4.2. Was the number, characteristics of withdrawals (i.e., dropouts, lost to follow up, attrition rate) and/or response rate (cross-sectional studies) described for each group? (Follow up goal for a strong study is 80%.) Yes
  4.3. Were all enrolled subjects/patients (in the original sample) accounted for? Yes
  4.4. Were reasons for withdrawals similar across groups? Yes
  4.5. If diagnostic test, was decision to perform reference test not dependent on results of test under study? N/A
5. Was blinding used to prevent introduction of bias? Yes
  5.1. In intervention study, were subjects, clinicians/practitioners, and investigators blinded to treatment group, as appropriate? N/A
  5.2. Were data collectors blinded for outcomes assessment? (If outcome is measured using an objective test, such as a lab value, this criterion is assumed to be met.) Yes
  5.3. In cohort study or cross-sectional study, were measurements of outcomes and risk factors blinded? No
  5.4. In case control study, was case definition explicit and case ascertainment not influenced by exposure status? N/A
  5.5. In diagnostic study, were test results blinded to patient history and other test results? N/A
6. Were intervention/therapeutic regimens/exposure factor or procedure and any comparison(s) described in detail? Were interveningfactors described? N/A
  6.1. In RCT or other intervention trial, were protocols described for all regimens studied? N/A
  6.2. In observational study, were interventions, study settings, and clinicians/provider described? N/A
  6.3. Was the intensity and duration of the intervention or exposure factor sufficient to produce a meaningful effect? N/A
  6.4. Was the amount of exposure and, if relevant, subject/patient compliance measured? Yes
  6.5. Were co-interventions (e.g., ancillary treatments, other therapies) described? N/A
  6.6. Were extra or unplanned treatments described? N/A
  6.7. Was the information for 6.4, 6.5, and 6.6 assessed the same way for all groups? N/A
  6.8. In diagnostic study, were details of test administration and replication sufficient? N/A
7. Were outcomes clearly defined and the measurements valid and reliable? Yes
  7.1. Were primary and secondary endpoints described and relevant to the question? N/A
  7.2. Were nutrition measures appropriate to question and outcomes of concern? Yes
  7.3. Was the period of follow-up long enough for important outcome(s) to occur? Yes
  7.4. Were the observations and measurements based on standard, valid, and reliable data collection instruments/tests/procedures? Yes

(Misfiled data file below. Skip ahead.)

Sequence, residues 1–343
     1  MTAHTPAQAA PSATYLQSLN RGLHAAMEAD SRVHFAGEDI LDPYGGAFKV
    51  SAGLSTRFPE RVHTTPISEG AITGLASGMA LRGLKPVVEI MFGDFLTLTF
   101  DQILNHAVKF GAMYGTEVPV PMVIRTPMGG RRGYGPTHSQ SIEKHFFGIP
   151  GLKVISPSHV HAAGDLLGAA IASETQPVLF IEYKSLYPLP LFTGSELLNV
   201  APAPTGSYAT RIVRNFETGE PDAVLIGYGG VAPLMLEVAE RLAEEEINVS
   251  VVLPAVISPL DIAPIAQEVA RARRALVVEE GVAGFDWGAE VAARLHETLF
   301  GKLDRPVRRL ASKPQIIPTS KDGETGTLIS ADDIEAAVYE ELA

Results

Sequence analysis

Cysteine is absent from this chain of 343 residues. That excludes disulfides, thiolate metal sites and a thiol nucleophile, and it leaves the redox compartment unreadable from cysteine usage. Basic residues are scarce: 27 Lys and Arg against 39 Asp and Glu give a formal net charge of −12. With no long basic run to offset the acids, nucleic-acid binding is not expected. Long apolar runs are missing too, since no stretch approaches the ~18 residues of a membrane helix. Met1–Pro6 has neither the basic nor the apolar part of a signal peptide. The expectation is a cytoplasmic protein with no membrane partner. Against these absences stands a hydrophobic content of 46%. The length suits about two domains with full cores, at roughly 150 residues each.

7.5. Was the measurement of effect at an appropriate level of precision? Yes
  7.6. Were other factors accounted for (measured) that could affect outcomes? Yes
  7.7. Were the measurements conducted consistently across groups? Yes
8. Was the statistical analysis appropriate for the study design and type of outcome indicators? N/A
  8.1. Were statistical analyses adequately described and the results reported appropriately? N/A
  8.2. Were correct statistical tests used and assumptions of test not violated? N/A
  8.3. Were statistics reported with levels of significance and/or confidence intervals? N/A
  8.4. Was "intent to treat" analysis of outcomes done (and as appropriate, was there an analysis of outcomes for those maximally exposed or a dose-response analysis)? N/A
  8.5. Were adequate adjustments made for effects of confounding factors that might have affected the outcomes (e.g., multivariate analyses)? N/A
  8.6. Was clinical significance as well as statistical significance reported? N/A
  8.7. If negative findings, was a power calculation reported to address type 2 error? N/A
9. Are conclusions supported by results with biases and limitations taken into consideration? Yes
  9.1. Is there a discussion of findings? Yes
  9.2. Are biases and study limitations identified and discussed? Yes
10. Is bias due to study's funding or sponsorship unlikely? Yes
  10.1. Were sources of funding and investigators' affiliations described? ???
  10.2. Was the study free from apparent conflict of interest? Yes